India’s central bank may buy as much as 1.5 trillion rupees ($18 billion) of government bonds to replenish banking liquidity that’s expected to tighten later in the year, according to a top banker.
Liquidity is likely to tighten in the banking system as higher spending amid state elections due later in the year may lead to money leaving the system. A number of key states like Rajasthan, Madhya Pradesh and Chhattisgarh have elections due, and that will coincide with the busy credit season in October when demand picks up in the economy.
Excess liquidity in the banking system has narrowed to about 740 billion rupees from this year’s high of about 3 trillion rupees in April, according to data compiled by Bloomberg Economics. To ease the squeeze, the RBI injected about 468 billion rupees into the banking system on May 19 via a repo auction, the first such injection since March.
The move is expected to add about one trillion rupees of banking liquidity, according to estimates. It follows the RBI’s higher-than-expected dividend payout to the government, which may also boost cash in the system.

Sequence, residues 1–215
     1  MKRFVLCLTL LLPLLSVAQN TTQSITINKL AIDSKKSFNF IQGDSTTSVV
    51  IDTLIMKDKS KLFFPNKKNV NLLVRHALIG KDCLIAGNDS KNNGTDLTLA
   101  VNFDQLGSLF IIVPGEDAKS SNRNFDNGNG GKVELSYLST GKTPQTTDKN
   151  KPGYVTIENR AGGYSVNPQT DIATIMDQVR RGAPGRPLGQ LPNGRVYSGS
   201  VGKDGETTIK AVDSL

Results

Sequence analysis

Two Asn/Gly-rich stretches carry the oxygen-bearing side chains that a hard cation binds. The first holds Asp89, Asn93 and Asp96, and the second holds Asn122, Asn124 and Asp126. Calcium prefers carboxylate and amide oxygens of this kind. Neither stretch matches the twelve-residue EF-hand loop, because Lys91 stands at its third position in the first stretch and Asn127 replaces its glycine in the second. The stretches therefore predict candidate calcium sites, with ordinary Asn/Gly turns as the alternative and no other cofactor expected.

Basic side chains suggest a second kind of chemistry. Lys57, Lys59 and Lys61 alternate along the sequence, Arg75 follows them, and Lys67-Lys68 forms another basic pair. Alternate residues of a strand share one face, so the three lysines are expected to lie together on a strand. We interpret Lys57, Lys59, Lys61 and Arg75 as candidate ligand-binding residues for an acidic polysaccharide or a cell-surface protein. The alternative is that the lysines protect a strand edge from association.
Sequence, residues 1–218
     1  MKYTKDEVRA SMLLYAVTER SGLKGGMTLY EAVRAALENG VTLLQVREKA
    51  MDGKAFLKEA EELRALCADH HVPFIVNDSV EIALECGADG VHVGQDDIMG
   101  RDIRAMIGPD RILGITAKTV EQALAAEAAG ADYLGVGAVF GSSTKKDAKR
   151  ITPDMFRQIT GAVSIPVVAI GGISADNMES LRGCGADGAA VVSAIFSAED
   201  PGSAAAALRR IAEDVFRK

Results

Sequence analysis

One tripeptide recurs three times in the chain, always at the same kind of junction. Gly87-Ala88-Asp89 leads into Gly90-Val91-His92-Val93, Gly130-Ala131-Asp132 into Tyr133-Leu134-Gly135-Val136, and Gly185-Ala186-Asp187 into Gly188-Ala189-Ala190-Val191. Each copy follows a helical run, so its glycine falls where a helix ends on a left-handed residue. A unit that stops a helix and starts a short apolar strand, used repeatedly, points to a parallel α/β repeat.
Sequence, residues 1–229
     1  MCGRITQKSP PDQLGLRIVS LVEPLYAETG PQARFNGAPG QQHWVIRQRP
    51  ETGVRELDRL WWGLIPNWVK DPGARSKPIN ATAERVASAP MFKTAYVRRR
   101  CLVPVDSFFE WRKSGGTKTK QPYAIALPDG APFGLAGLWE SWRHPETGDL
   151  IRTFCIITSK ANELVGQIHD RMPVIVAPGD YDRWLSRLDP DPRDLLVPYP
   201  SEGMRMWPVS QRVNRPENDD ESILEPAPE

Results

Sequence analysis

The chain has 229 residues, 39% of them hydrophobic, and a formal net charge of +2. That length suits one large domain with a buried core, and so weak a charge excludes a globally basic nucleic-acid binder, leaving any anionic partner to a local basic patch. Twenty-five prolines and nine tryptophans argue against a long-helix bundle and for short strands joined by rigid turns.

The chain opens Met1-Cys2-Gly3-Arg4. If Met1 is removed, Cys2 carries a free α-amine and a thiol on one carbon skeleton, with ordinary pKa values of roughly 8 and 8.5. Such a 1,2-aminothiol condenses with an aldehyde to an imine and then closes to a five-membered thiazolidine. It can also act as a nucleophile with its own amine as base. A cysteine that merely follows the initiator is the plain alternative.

Following are some other key views:
The RBI should keep surplus liquidity at 1-1.5 trillion rupees if it wants to maintain a marginal surplus in the current era of liquidity management
The first rate reduction may happen in February. It may be a shallow cut cycle, but a 75-basis-point drop is possible
Medium-term view on rupee remains positive on the back of strong remittances and service exports
Short-term concerns remain on the rupee as traders who had gone long on the Indian currency are closing out the trades as the RBI prevented appreciation
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